On 9 May 2018, the draft Control of Tobacco Products and Electronic Delivery Systems Bill was published for public comment. Among other changes the bill plans to introduce two a zero-tolerance policy on in-door smoking in public places, as well as the requirement that smokers must be at least 10 metres away from public entrances.
It also aims to address the changes that technology has brought on the industry. With particular reference to vapes, e-cigarettes and other kinds of electronic nicotine delivery systems.
“Not only are technological changes at the heart of this bill, but the ever-increasing need to safe guard the health and well-being of the general public,” said Mohsina Chenia, executive consultant at law firm Cliffe Dekker Hofmeyr.
“Employers have been placed in an onerous position under the proposed bill and face fines and even imprisonment where they are deemed to fall short of their obligations,” she said.
What do employers need to know?
According to Chenia there are two definitions that are of importance:
Firstly, the definition of “smoke” has been expanded to mean “inhale, exhale, hold or- (a) otherwise have control over an ignited tobacco product or a heated but not ignited tobacco product that produces an emission of any sort; or (b) operate or otherwise have control over an electronic delivery system that produces an emission of any sort.”
Secondly, “workplace” means “any place in or on which one or more persons are employed and perform their work, whether for compensation or voluntary, and includes – (a) any corridor, lobby, stairwell, elevator, cafeteria, washroom or other common area used during or incidental to the course of employment or work: (b) any vehicle which is available for use for business or commercial purposes: and (c) any vehicle registered to the government.”
“The Act goes further in that s2(1) makes reference to an enclosed workplace,” said Chenia.
“The definition of enclosed space includes an area that is open or closed and an area that has a roof or not. For most of us, this would mean a company bar or even where the canteen area extends onto a balcony.
“Whilst this might have been used as a smoking area before, it will not qualify now. Caution should be raised to the entrances to buildings, the undercover parking areas and the nooks or crannies frequented by smokers presently,” she said.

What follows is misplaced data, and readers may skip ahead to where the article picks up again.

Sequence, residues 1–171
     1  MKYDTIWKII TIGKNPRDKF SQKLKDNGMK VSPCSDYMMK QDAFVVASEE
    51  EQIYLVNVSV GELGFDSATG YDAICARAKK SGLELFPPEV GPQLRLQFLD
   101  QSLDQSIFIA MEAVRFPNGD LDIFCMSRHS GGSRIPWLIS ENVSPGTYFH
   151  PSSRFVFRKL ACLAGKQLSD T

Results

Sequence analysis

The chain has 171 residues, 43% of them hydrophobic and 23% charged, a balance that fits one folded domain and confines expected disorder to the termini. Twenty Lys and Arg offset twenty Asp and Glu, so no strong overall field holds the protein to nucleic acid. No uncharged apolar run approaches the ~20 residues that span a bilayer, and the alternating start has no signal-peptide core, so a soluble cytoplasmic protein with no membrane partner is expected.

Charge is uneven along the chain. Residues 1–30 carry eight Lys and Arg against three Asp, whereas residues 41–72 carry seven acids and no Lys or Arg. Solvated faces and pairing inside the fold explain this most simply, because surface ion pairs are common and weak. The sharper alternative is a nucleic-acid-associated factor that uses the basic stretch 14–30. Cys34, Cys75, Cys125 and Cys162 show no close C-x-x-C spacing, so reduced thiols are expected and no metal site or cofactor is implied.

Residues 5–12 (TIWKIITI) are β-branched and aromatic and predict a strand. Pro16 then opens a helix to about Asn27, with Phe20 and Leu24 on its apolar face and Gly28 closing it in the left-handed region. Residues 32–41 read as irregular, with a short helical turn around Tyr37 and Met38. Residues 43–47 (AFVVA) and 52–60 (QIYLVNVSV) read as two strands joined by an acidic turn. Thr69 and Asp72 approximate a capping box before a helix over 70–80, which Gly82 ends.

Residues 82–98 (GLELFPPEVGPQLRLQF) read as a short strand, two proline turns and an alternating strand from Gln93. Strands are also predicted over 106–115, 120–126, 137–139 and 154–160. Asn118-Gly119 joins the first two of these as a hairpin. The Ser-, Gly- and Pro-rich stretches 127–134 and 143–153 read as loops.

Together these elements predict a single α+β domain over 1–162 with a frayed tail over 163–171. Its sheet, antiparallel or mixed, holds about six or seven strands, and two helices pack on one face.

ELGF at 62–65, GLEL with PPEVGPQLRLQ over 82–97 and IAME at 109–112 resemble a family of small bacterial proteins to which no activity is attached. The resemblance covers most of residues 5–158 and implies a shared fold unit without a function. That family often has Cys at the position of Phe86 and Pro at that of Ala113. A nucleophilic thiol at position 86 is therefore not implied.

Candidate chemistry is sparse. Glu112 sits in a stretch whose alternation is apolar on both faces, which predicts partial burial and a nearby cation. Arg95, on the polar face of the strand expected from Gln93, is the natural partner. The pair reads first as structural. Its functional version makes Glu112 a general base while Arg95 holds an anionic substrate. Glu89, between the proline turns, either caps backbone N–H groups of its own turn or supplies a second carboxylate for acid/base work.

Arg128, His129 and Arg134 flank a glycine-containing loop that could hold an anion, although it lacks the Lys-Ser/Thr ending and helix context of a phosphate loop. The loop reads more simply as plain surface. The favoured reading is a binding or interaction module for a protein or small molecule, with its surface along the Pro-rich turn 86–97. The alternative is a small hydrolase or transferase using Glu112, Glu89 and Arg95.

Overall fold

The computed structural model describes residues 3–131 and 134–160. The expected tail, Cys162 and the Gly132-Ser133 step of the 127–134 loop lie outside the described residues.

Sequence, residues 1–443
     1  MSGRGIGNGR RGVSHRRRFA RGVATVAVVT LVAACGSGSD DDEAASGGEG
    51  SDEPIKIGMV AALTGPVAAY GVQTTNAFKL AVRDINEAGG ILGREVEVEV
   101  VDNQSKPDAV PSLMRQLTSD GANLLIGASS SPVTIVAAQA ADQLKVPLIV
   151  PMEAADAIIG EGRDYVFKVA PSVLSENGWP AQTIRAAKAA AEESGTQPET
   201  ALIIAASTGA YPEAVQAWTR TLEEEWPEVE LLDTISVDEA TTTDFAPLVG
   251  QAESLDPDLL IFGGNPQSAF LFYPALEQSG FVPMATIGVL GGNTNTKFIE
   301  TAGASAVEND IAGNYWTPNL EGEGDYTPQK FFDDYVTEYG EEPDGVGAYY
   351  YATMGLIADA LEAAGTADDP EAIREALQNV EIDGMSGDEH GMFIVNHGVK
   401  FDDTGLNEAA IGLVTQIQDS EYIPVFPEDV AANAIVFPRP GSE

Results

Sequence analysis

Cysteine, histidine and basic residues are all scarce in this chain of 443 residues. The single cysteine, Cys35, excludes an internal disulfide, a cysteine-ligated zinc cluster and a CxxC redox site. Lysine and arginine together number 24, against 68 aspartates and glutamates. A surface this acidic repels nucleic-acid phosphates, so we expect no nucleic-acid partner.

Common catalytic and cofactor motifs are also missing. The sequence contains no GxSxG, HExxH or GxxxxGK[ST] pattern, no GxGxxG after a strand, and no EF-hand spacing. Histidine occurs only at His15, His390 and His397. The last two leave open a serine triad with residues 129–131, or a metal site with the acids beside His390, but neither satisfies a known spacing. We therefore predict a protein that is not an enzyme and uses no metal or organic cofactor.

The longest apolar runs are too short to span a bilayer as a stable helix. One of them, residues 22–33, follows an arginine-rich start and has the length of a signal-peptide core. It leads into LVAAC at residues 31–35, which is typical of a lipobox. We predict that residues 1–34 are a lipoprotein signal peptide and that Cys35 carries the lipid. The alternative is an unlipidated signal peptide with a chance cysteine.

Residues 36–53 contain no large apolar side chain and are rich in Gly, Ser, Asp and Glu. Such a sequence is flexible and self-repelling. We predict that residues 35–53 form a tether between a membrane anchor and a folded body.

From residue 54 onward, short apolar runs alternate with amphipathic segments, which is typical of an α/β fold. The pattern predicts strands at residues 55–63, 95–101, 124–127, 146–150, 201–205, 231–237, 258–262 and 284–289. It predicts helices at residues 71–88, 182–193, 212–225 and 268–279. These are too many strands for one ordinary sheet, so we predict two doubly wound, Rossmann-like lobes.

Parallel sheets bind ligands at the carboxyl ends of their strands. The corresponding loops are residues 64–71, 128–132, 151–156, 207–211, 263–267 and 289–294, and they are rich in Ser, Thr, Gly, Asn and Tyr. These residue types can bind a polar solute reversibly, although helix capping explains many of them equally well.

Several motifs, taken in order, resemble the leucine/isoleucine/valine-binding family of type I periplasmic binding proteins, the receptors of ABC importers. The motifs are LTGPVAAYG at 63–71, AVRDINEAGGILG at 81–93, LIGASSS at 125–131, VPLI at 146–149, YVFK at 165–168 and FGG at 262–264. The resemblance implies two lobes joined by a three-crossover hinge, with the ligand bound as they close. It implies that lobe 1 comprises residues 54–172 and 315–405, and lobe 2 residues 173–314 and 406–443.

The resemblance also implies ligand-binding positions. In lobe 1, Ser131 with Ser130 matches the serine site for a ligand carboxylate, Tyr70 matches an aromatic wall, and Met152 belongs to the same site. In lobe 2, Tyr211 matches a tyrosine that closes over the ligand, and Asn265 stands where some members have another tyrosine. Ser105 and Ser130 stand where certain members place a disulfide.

She also notes that Section 2(3) places responsibility at the feet of the owner of or person in control of a public place or workplace to designate the whole or part of any outdoor space as an area where smoking is prohibited.
And the employer bears the duty to ensure no person smokes in that area. Furthermore, employers are required to adhere to the public announcements and signage prescribed by the bill, she adds
“To any employer whose attention has not already been ignited, we lastly draw your attention to s2(6) which speaks specifically to employers,” she said.
This section states that the employer must ensure that:
- Employees may object to smoking in the workplace in contravention of this act, without retaliation of any kind.
- Employees who do not want to be exposed to tobacco smoke at the workplace, are not so exposed.
- It is not a condition of employment, expressly or implied that any employee is required to work in any portion of the workplace where smoking is permitted by law.
- Employees are not required to sign any indemnity for working in any portion of the workplace where smoking is permitted by law.
- Most importantly, any employer who contravenes or fails to comply with the above will be liable on conviction to a fine or imprisonment not exceeding a period of one year or both a fine and such imprisonment.
“The purpose behind these changes is to bring South Africa in line with the World Health Organisation’s Framework Convention on Tobacco Control.
“We would strongly recommend that employers take this bill and its sanctions as a smoke signal indicating the changes to come and start making the necessary changes and accommodations to their businesses,” she said.